Apricot, cranberry and almond whipped cream scones
- September 2015
- Makes 8 large or 12 small
- Hands-on time 25 min, oven time 12-15 min
These wonderfully light scones are made with whipped cream, honey, dried apricots and cranberry for a fruity twist on classic cream tea.
If you like the sharp notes cranberry brings to a bake, you’ll also love our gluten-free apple and cranberry loaf cake.
- 19.2g (10.7g saturated)
- 24.2g (8.3g sugars)
- 80g dried apricots, chopped
- 40g dried cranberries
- ½ tsp vanilla extract
- ¼ tsp almond extract
- 120g plain wholemeal flour
- 130g all-purpose flour, plus extra for dusting
- 1 tbsp baking powder
- 2 tsp finely grated orange zest
- ½ tsp fine sea salt
- 85g very cold unsalted butter, cubed
- 35g flaked almonds
- 240g double cream, well chilled
- 40g clear honey
For the glaze
- 1 large free-range egg
- Demerara sugar for sprinkling
- Heat the oven to 220°C/200°C fan/gas 7. Position a rack in the centre of the oven and line a large baking sheet with baking paper. In a small heatproof bowl, combine the apricots, cranberries, vanilla extract and almond extract with 30ml water. Heat in the microwave on high for 45 seconds or until steaming (or in a small saucepan on the hob). Cover the bowl with cling film or a clean tea towel and set aside.
- Meanwhile, in a large bowl, whisk together the flours, baking powder, orange zest and salt. Add the butter then, using your fingertips, rub the butter into the dry ingredients until the mixture resembles a coarse powder without any obvious chunks of butter.
- Uncover the bowl of dried fruit. The fruit should be nicely plumped without much liquid in the bowl (drain off any excess). Lightly pat the fruit dry with kitchen paper, then add to the flour mixture along with the flaked almonds and toss with your hands to combine.
- In a medium bowl, combine the cream and honey. Using a handheld mixer, beat the cream to soft peaks (see Shauna’s introduction). Using a large, flexible spatula, gently fold the honeyed whipped cream into the flour mixture. It will look quite dry at first, but after several folds the dough will begin to come together. When no large puffs of cream remain visible, stop folding – don’t overmix (see Shauna’s tips).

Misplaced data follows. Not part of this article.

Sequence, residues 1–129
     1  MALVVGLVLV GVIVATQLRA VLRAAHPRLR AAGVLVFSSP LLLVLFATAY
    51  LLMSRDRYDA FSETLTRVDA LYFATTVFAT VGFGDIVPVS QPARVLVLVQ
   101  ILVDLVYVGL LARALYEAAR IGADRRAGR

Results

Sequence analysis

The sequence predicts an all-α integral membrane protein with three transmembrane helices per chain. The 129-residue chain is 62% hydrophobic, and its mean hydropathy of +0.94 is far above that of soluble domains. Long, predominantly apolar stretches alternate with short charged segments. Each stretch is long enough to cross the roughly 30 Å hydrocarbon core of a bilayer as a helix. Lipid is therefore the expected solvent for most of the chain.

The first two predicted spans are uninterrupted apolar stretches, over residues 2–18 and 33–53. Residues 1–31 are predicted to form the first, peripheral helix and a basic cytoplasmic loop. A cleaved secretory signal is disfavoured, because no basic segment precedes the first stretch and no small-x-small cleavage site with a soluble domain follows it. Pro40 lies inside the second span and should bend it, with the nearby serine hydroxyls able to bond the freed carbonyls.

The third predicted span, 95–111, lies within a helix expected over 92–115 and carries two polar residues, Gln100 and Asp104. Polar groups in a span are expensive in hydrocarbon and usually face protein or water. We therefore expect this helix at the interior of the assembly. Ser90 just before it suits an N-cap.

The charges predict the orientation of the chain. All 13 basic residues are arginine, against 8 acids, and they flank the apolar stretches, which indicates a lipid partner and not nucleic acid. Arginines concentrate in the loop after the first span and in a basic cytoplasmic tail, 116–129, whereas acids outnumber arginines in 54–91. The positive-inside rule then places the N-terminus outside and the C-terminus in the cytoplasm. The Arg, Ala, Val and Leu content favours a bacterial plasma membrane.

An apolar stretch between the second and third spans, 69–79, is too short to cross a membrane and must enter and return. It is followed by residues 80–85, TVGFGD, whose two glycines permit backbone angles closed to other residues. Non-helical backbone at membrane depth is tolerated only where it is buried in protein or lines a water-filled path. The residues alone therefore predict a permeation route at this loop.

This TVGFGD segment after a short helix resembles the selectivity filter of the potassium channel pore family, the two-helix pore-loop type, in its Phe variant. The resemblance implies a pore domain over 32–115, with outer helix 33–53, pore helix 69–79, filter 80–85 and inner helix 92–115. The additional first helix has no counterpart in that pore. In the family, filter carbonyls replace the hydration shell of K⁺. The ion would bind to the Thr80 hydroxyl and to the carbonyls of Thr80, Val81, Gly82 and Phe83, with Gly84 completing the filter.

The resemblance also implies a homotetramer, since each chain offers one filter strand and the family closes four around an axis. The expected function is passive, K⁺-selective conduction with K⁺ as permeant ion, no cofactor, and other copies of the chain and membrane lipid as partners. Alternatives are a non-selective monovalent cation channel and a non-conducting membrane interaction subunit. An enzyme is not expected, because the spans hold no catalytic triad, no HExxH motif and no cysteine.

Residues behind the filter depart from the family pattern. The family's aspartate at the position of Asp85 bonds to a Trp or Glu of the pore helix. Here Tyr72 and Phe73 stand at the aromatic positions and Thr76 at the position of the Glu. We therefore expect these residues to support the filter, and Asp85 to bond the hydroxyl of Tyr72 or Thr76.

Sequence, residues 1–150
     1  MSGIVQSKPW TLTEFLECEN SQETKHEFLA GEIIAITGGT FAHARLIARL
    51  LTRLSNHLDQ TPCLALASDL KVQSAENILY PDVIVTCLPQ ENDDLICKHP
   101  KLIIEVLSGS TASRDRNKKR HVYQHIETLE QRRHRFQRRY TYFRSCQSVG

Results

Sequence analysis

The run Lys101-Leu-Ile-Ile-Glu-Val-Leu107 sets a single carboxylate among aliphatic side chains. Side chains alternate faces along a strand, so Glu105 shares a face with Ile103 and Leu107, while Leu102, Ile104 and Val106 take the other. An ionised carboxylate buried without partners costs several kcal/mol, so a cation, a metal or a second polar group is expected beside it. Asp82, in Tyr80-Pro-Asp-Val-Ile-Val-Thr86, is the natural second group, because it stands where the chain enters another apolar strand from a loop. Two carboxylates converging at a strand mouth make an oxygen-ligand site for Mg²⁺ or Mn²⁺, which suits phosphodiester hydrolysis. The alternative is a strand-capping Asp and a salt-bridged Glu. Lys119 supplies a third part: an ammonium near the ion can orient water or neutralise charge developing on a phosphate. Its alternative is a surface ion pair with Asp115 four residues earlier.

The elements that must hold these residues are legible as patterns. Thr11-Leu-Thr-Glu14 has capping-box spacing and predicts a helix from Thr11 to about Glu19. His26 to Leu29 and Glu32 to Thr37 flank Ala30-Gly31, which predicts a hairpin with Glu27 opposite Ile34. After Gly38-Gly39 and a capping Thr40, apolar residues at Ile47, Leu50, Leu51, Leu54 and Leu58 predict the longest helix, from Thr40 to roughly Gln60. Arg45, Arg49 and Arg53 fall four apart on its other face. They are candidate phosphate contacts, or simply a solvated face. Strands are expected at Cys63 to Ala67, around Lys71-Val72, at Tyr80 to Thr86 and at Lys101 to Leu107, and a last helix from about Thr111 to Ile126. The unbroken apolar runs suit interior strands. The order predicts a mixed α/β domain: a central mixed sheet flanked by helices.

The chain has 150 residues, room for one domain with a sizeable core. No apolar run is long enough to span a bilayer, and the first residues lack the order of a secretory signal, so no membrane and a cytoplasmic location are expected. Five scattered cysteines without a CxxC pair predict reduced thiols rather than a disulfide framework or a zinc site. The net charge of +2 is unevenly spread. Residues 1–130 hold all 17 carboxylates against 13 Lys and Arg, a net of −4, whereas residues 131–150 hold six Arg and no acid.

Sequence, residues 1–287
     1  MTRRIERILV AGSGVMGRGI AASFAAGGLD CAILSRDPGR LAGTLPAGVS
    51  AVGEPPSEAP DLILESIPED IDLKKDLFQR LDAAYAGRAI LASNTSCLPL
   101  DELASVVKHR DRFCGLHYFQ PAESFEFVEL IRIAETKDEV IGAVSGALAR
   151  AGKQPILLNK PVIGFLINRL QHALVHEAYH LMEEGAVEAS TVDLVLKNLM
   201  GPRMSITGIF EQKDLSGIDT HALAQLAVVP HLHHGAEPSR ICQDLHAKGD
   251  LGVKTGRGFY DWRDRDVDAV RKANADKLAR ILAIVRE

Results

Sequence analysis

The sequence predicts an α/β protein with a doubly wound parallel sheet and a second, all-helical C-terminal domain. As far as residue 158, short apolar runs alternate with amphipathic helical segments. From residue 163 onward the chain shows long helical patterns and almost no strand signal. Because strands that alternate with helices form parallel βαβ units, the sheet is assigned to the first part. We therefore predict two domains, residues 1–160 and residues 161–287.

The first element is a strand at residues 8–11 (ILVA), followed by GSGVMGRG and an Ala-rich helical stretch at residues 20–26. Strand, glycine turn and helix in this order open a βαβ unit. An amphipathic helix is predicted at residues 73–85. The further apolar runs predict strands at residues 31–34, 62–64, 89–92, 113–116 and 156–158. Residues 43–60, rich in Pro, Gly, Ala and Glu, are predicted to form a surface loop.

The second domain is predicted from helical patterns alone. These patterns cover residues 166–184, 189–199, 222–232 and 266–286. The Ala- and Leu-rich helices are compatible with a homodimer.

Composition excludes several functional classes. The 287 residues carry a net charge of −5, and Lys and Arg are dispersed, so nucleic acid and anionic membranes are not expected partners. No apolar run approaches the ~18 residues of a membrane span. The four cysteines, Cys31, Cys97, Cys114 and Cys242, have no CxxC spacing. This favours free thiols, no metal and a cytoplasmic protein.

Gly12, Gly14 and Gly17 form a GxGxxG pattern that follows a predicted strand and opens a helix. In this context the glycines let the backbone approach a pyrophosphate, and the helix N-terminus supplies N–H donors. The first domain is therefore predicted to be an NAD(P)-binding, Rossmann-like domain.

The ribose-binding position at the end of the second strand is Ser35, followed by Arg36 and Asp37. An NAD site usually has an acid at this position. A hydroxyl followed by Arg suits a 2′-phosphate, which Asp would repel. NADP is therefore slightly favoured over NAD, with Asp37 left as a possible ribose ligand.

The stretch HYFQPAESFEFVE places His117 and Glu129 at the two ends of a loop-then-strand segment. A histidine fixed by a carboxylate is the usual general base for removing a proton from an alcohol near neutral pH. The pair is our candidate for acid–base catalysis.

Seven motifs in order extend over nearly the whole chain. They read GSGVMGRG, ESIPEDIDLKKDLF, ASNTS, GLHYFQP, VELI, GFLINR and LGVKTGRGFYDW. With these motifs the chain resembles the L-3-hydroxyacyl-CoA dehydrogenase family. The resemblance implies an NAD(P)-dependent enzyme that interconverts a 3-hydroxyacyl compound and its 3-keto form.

- Lightly flour a work surface and turn out the dough – it will be soft and sticky (see Shauna’s tips). Gently knead the dough 5-6 times until smooth, then shape into a neat disc about 20cm across. Using a large knife, cut it into 8 large wedges (or 12 small wedges). Put the scones, evenly spaced, on the prepared baking sheet.
- In a small bowl, whisk the egg with 1 tbsp water until smooth. Using a pastry brush, lightly brush the scones with the egg wash, followed by a generous sprinkling of demerara sugar.
- Bake for 13-15 minutes until the scones are golden all over. Transfer to a wire rack to cool. Serve just warm or at room temperature.
Shauna says; “Whenever I use citrus zest in a recipe, I reach for unwaxed, organic fruit. This dough is a sticky one, but it results in moist, fluffy scones. To limit the messiness, keep the dough as cool as possible while it comes together and don’t overwork it – a dough scraper (like the ones bread-makers use) is helpful for keeping the dough moving on the board without having to squish it with warm hands or add too much flour.”
Scones are always best eaten still warm from the oven, but they’ll keep in an airtight container at room temperature overnight once cooled. Sprinkle them with a little water, then warm through in a medium oven before serving.
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